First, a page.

Knight Riders complete perfect turnaround
Where they finished
Winners, for the second time in three years
What went right
After what seemed a customary start, everything. Match by match, brick by brick, Kolkata Knight Riders built themselves into a formidable team with rock-solid foundations, something they needed to withstand the rampaging Kings XI Punjab team in the final. To win nine games on the trot was no mean feat; to do so after losing five games out of seven was truly special.
Knight Riders' bowling prowess was never in dispute. With Sunil Narine continuing to be the mystery he has been in the two previous seasons, the team only gives their opposition a maximum of 16 hittable overs. That is 10% of the game in your hand even before the start of the match. Add to that the potency that Shakib Al Hasan's left-arm spin has brought to the team this season and it's easier to see why even a team like Kings XI Punjab have struggled against them. With an economy of 7.51, Knight Riders were the most difficult attack to score runs against.
It was Knight Riders' batting ability that was under some doubt and the results in the first seven matches only accentuated it. Unlike most other teams, they didn't have any explosive players. But unlike other teams, they didn't need that too much because of their strong bowling. What they needed was consistency, some clarity on their batting orders. And it came when the team landed back in India. Gautam Gambhir had shaken off his misery at the start of the tournament and was scoring runs and Robin Uthappa's promotion to the top totally swung things around.
After two losses in their first two games on the India leg, Knight Riders rode along with Uthappa to chase down five targets in five matches - all of them with ease. Among those five, the six-wicket win against Mumbai Indians was the tightest one, showing the high note their batsmen had hit. Uthappa piled on runs with unheard of consistency; the rest rallied around him to soon make it eight wins in a row as Knight Riders marched to their second final in three years.
In the final though, Uthappa failed, so did Gambhir after their bowling had already cracked under Kings XI Punjab's onslaught. Faced with the gargantuan task of chasing down 200, Knight Riders eventually quelled the doubts about their big-hitting capability. Manish Pandey and Yusuf Pathan powered 10 sixes between them during a 71-run stand between them. Then just at the right time, Piyush Chawla hooked Mitchell Johnson for a six too, rounding off a perfect campaign.
Seven of Knight Riders' nine wins came batting second. It was no wonder they chose to bat second in the final and even though it looked like the plan had backfired, they managed to pull it off.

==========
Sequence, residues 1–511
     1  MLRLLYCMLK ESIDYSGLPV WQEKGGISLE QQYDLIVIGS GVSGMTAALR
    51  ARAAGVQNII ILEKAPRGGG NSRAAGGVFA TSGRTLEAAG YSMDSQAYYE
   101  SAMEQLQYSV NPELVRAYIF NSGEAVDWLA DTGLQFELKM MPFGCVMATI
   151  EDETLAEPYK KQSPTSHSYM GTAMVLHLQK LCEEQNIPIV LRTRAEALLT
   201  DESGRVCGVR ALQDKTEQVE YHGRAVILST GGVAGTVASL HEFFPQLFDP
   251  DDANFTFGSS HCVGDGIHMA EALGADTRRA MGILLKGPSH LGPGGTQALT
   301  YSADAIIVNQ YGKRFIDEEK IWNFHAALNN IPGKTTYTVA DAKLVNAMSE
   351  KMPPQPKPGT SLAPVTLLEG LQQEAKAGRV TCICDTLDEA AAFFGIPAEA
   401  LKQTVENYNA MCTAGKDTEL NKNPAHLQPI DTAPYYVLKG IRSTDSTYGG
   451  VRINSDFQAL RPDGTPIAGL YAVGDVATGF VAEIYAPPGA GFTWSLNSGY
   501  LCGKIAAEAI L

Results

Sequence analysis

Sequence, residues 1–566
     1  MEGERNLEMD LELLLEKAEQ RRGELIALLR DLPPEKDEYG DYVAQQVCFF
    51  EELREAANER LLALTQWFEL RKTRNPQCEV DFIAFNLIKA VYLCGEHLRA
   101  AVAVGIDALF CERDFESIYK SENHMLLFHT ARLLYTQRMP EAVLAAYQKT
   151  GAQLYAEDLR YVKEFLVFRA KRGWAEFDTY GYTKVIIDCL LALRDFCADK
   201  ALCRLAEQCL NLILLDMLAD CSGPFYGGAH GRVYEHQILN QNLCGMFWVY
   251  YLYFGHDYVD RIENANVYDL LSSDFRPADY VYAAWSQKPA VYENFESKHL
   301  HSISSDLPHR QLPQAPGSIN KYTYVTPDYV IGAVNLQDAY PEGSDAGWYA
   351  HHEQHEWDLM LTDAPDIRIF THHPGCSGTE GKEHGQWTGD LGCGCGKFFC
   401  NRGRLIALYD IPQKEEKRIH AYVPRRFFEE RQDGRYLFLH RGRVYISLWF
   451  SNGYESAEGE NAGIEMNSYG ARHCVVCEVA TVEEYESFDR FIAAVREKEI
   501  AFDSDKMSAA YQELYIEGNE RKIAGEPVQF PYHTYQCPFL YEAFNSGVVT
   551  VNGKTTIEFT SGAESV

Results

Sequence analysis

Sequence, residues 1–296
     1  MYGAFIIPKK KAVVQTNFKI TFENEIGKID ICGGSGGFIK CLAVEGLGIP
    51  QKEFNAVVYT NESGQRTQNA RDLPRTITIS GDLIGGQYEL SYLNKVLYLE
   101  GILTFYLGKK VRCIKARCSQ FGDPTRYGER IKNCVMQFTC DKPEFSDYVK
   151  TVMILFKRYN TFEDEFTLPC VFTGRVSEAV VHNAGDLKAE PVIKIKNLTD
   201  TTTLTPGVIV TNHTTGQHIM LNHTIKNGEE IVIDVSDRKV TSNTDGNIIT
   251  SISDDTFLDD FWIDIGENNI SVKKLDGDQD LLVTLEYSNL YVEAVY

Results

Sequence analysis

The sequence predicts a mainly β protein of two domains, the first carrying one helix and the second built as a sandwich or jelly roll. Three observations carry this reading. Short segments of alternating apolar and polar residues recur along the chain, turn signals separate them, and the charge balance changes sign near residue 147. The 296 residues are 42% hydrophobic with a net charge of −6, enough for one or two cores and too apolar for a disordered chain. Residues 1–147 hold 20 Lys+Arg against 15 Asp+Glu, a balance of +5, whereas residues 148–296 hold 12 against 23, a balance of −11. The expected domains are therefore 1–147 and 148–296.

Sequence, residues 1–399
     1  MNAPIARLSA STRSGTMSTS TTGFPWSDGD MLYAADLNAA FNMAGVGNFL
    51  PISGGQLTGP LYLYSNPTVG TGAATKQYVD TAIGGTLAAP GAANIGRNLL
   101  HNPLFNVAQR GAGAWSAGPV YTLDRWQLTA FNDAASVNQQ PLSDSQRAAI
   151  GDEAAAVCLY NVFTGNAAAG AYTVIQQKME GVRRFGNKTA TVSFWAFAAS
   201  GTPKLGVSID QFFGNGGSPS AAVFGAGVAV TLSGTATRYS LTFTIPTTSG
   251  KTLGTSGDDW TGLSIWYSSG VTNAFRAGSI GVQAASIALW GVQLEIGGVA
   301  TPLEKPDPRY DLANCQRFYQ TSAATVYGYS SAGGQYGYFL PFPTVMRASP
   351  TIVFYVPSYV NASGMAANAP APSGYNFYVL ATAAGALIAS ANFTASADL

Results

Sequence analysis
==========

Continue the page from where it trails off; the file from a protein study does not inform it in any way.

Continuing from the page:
When the league had moved back to India, Robin Uthappa, with 97 runs from five matches, was 23rd in the list of leading run-getters in the season, 203 behind Glenn Maxwell. In the next 10 matches though, Uthappa added 558 from 10 matches, driving past everyone else in the race and assuming the lead position. It has been some acceleration from Uthappa, who was thought to be a spent force in the IPL circuit. His remarkable run though not only brought rewards on a personal level - he is back in the national team for the tour to Bangladesh - but it also lent Knight Riders concrete-like solidity. With a lowest score of 40 in 10 innings (before the final), Uthappa became to batting what Narine was to Knight Riders' bowling.
For someone who smashed the ball around to register the fastest IPL fifty, it would probably be a bit harsh to say he was the weak link in the team. But it is not actually. Take out that 72 and all Yusuf Pathan has to show are 196 runs from 11 innings. He threatened to play an important role in the final, but left the team in lurch after giving them hope. In four season with Knight Riders, Yusuf has received so much support from his team management but has only had a spike or two to show for it. When Knight Riders were struggling to start well in the early stages, a lot depended on Yusuf to take the team to safety. However, he continued to falter game after game. Gambhir turned around his poor run, but not Yusuf. In India, he had the advantage of strong starts, but still couldn't fire, continuing to live up to the billing of the promise that never was.
For someone rated as one of the best allrounders in international game, Shakib Al Hasan had played smaller, defined roles in the Knight Riders set-up in the past. Bowling has been his stronger suit, but this year Shakib raised the stakes as a batsman. His 227 runs gave the fragile middle-order some girth and his ability to ramp up the pace of scoring lent much-needed intent. It all came together in the match against Royal Challengers Bangalore when he partnered Uthappa in a 119-run stand for the fourth wicket that took less than 12 overs and scored 60 off just 38 balls. Shakib's all-round form kept Jacques Kallis, a proven stalwart, out of the Knight Riders' XI.
Chris Lynn's acrobatic effort at the boundary in the match against Royal Challengers helped Knight Riders sneak out a two-run win has to be the wow moment. It was a catch that one cannot rehearse during practice and is likely to remain part of cricket's freak moments show reel. As he moved to his left, Lynn slipped, then steadied himself on his one knee, kept eyes on the ball, dived backwards and managed to keep the composure to stay inside the boundary. The catch won Knight Riders an important match during the early stages when their batting was suffering collapses in almost every game.
Veer Pratap Singh, Sayan Mondal, Kuldeep Yadav and Debabrata Das
Devashish Fuloria is a sub-editor at ESPNcricinfo